(Closed) NWR – Good Friend In A Unhealthy Relationship

posted 9 years ago in Relationships
Post # 3
Member
355 posts
Helper bee

Pushing each other?  That sounds abusive. 

Post # 4
Member
2280 posts
Buzzing bee
  • Wedding: April 2011

Yeah. That is abuse. She needs a serious wakeup call before she ends up in a situation she doesn’t want to be in. 

Post # 6
Member
2280 posts
Buzzing bee
  • Wedding: April 2011

The thing is, abuse isn’t just physical–it starts in your head, which is why it’s so hard for her to leave him. She’s probably scared, and probably not all that confident in herself.

I don’t really know how to help you out in this situation, but I hope that you find someone who can!

Ugh. This stuff makes me so MAD. Yell

Post # 8
Member
687 posts
Busy bee
  • Wedding: December 1969

I have a good friend who is was in a dysfunctional relationship like that (both of them much older than your friend and her BF) for 10 years. I finally came to the conclusion that it was because they were both addicted to the drama. I’m sure you can Google it and learn about relationships like that.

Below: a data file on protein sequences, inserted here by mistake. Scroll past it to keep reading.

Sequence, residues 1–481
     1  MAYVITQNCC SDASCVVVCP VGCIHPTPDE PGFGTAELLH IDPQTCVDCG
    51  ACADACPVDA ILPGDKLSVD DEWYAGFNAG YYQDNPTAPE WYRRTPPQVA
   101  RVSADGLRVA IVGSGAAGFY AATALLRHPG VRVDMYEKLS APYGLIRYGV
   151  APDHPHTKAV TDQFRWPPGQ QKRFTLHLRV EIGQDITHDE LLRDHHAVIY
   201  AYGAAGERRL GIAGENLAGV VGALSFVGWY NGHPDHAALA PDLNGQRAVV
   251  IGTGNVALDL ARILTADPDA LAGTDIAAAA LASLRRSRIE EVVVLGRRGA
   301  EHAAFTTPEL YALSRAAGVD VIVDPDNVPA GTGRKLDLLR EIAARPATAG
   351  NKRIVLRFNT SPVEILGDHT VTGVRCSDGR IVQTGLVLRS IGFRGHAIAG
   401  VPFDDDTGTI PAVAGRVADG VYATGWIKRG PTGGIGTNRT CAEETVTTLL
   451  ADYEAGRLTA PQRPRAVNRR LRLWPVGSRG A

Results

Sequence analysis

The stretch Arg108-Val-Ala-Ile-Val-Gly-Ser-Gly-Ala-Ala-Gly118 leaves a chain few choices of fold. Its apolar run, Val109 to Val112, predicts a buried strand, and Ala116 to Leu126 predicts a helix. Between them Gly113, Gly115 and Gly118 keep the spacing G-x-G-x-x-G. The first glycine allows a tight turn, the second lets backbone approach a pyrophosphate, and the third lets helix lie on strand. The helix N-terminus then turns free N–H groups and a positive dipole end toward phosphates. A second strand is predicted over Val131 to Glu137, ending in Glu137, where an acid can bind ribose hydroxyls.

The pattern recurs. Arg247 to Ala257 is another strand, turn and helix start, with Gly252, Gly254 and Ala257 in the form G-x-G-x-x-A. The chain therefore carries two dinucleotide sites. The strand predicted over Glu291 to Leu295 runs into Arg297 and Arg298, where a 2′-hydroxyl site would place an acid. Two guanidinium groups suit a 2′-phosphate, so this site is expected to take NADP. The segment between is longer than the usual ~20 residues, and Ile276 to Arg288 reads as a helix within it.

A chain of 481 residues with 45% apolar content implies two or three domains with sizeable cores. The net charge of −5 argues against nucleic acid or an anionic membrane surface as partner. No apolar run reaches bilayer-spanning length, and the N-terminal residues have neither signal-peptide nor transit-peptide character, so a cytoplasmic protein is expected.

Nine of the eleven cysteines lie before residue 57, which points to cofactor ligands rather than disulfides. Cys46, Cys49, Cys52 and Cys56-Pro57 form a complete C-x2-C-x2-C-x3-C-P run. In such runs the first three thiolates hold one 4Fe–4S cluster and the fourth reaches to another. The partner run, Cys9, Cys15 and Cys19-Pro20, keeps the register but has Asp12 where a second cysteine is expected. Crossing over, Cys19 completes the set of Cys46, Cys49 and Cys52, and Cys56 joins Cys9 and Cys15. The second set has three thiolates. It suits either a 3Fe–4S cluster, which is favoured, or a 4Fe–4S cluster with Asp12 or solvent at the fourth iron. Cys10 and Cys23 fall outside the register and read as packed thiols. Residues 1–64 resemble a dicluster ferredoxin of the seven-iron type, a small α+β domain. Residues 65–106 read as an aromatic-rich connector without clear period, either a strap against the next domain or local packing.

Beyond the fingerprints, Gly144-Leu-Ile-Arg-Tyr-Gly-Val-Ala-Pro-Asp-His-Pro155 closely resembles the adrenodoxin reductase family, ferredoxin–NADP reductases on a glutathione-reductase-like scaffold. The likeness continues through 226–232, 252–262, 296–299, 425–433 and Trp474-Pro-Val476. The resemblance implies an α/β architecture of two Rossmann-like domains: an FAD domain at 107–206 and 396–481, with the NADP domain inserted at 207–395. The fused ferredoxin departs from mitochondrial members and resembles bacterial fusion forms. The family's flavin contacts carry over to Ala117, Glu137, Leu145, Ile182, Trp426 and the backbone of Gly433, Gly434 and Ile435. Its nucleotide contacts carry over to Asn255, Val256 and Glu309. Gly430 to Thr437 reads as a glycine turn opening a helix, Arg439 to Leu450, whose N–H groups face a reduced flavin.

It’s a cycle, argue, get really upset, make up, everything is lovely, argue, get really upset, make up, everything is lovely… you see where I’m going with this, right? And it seems like BOTH parties know that the sitaution is not right/healthy but, like many other unhealthy cycles, it’s hard to break.

It also sounds like their relationship involves abuse (on both sides if she’s also pushing). As a good friend it’s natural to worry.

I would say this, you can (and should) talk to your friend about your concerns but becareful about with the words you use, if you talk to her. Use “I statements,” like “I’m worried about you because you always seem upset,” or “I am concerned that you guys pushing each other may get more serious,” etc.

With my friend, I always asked her questions and listened to her answers. After initially telling her I thought her realtionship was unhealthy, I didn’t beat her to death with it because I’ve found that has the opposite effect. Instead, if she ASKED my opinion, I would say, “Well, I would worry that he is going to do this behavior again,” or “isn’t this like the last time when….” and then, again, ask her questions to try to help her figure out WHY she was continually dealing with this crap. I wouldn’t jump on the “he’s such a looser” train because that just made her defensive because really it’s not about whether the guy is a looser/jerk, etc. but WHY our friends are choosing to deal with them, KWIM?

It’s not easy to watch a friend go through this, I know. Sometimes I wanted to slap her and be like, “when is enough enough?!” Anyway, hopefully your friend will realize she deserves more sooner rather than later. If you can, maybe suggest she talk to a counsler or something.

((hugs!))

Post # 9
Member
599 posts
Busy bee

I’m sorry to say this but what I have noticed with my friends is that nothing I or anyone else says makes any difference unless they learn it for themselves.